Election day in Montreal will hinge on the recovery of the Liberal machine and its ability to get out the vote. For the Garneau campaign to match NDP and Green efforts in this respect is a tall order. Whatever the result, Westmount—Ville-Marie constituents can count on sending a star MP to warm the benches this October.

Polling station info will be available online at www.elections.ca and tollfree at 800-463-6868.

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To our Shirley Cohen on a special birthday!

Congratulations to our beloved Shirley Cohen, who celebrates her 80th birthday September 13.

Shirley has been a devoted member of The Senior Times team for 15 years, coming out of retirement to learn and master the art of selling for a market she knows formidably well, along the way endearing herself in particular to our Members of Parliament and Members of the National Assembly.

Shirley is always positive, hard-working, and insistent on ensuring that our paper grows and prospers with every issue. We miss her dearly when she vacations in Florida for three months each year, but even from Florida she manages to stay in touch with her clients and make sure they don't miss an issue of The Senior Times.

Shirley never fails to call and check up on those in trouble and in need of a kind word of support. She has been a great and loving care giver to her husband Marvin as he has undergone serious health problems. Her eyes sparkle with love and pride as she shows us pictures of the latest brilliant moment of her youngest grandson or recounts the achievements of her older grandchildren.

Marlene Jennings, MP for Notre-Dame-de-Grace–Lachine, has these words to say about Shirley in a special message for the occasion:

"Those who know you well and are fortunate to be close to you day in and day out speak of you with great admiration and respect. Your love and commitment to family and friends never fails to impress them.

"For my part, I can vouch for the fact that you are a salesperson extraordinaire! We hear from you, in my office, as regularly as the seasons change. From what my staff tell me, you master the art of friendly persuasion. Yes, you know how to shower them initially with warmth and poetic kindness, but they know that when Shirley Cohen beckons, she has a mission, and the earth trembles! It is very difficult to turn you down!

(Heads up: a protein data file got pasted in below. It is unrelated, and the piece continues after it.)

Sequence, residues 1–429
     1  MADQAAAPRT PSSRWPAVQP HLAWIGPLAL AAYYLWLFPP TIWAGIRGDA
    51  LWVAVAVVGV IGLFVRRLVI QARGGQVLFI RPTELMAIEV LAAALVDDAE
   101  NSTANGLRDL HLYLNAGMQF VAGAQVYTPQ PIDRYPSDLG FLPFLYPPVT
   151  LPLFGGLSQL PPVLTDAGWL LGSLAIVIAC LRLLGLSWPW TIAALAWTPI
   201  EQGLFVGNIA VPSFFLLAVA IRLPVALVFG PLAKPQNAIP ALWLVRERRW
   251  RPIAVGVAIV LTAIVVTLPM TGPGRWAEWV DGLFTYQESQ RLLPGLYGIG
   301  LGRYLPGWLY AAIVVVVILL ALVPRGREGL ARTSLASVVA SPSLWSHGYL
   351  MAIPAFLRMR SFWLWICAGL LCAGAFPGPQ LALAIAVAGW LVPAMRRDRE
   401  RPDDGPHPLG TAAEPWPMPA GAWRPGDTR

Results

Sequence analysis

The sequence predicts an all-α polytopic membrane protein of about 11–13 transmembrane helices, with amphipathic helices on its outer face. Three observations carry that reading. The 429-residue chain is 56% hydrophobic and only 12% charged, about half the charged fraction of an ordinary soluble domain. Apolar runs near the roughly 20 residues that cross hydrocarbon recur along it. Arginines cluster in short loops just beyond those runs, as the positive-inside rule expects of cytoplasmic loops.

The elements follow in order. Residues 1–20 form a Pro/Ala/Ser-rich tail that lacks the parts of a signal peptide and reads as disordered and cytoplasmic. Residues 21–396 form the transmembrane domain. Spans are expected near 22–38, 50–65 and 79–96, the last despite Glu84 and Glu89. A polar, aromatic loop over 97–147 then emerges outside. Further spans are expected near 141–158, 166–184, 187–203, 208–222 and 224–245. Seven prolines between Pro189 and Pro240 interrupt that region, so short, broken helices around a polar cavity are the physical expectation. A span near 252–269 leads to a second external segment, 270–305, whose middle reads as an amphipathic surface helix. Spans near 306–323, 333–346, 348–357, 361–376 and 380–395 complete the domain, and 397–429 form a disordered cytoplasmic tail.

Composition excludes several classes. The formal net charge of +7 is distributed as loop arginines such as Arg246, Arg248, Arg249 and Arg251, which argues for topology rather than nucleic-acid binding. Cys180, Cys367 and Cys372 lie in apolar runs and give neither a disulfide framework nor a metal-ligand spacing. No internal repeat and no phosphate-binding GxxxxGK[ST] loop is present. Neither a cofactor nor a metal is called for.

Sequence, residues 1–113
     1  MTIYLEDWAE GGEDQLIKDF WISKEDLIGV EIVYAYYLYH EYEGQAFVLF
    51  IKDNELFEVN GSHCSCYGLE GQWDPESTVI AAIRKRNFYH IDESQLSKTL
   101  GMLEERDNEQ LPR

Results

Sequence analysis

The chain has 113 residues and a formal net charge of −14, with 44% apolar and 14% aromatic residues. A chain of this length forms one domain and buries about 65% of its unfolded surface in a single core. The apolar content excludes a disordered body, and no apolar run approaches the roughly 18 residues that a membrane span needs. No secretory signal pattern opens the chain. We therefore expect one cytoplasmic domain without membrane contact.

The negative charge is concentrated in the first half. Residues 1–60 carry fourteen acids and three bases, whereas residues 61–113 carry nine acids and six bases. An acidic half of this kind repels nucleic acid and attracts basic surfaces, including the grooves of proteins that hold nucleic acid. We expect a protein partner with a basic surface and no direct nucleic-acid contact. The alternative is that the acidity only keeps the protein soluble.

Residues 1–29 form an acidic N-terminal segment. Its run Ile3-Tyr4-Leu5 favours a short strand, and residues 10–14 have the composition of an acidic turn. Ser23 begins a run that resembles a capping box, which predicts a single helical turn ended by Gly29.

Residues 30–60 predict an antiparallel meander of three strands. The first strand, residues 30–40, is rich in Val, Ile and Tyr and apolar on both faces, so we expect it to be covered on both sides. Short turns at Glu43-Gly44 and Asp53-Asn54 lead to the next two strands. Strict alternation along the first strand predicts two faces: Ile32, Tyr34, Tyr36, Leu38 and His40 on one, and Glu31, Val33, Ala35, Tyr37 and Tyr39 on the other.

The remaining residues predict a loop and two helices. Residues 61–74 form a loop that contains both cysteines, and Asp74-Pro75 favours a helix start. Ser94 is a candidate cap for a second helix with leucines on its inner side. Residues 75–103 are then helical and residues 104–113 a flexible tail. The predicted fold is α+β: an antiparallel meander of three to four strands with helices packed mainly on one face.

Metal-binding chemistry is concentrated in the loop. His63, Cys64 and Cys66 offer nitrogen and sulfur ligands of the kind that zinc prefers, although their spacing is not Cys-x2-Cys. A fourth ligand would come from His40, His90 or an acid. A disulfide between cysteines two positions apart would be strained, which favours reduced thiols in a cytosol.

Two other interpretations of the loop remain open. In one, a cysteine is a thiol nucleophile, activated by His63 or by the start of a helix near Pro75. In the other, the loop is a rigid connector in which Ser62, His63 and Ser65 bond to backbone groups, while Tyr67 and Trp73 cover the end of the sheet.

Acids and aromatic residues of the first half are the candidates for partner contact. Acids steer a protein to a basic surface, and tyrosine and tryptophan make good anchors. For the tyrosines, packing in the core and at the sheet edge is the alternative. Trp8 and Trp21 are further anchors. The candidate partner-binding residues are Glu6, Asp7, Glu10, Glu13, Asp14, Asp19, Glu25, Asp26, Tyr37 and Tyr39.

Happy Birthday to a great and wonderful lady. We love you, Shirley. Many happy returns!"

And from each of us at The Senior Times, past and present, our warmest wishes and deepest appreciation for all the Herculean efforts, exemplary patience, and kindhearted wisdom.

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Health Canada, seniors, and listeria

Health Canada's now-infamous 2005 advisory to seniors, pregnant women, and immunocompromised individuals, warning against consumption of non-dried deli meats, has come under predictable criticism as insufficient in the wake of the listeriosis outbreak.

The warning remains posted on the agency's website at health.gc.ca, a few clicks away from the main page, but consumer advocates are asking if that's enough publicity for a potentially fatal risk.

"Maybe we need warning labels (on the food), because the message isn't getting out there," Dr. Doug Powell, associate professor of food safety at Kansas State University, told Canwest News last week. "And the consequences are bad. The kill rate is about 20-30%. That's really high for a food-borne pathogen." According to Powell, the listeria bacterium can grow on food even when refrigerated.

Health Canada defends its communication efforts, maintaining that "there are a number of food safety tips and fact sheets and a lot of consumer education on (listeria)."

Its inspection standards are also currently under fire, but experts warn against a more draconian approach. Keith Warriner, University of Guelph professor of food microbiology, defends those standards as judicious and safe. "Once (listeria) becomes established in a processing environment, it's very difficult to remove," he told the Toronto Star. "You can reduce numbers to low levels by sanitation and good practices, but it's hard to eradicate. What we do in Canada is say, 'We know that listeria is ubiquitous, that it will be in processing plants regardless of what preventive standards we have.'" Only hazardous concentrations, defined by federal regulations, will prompt a recall.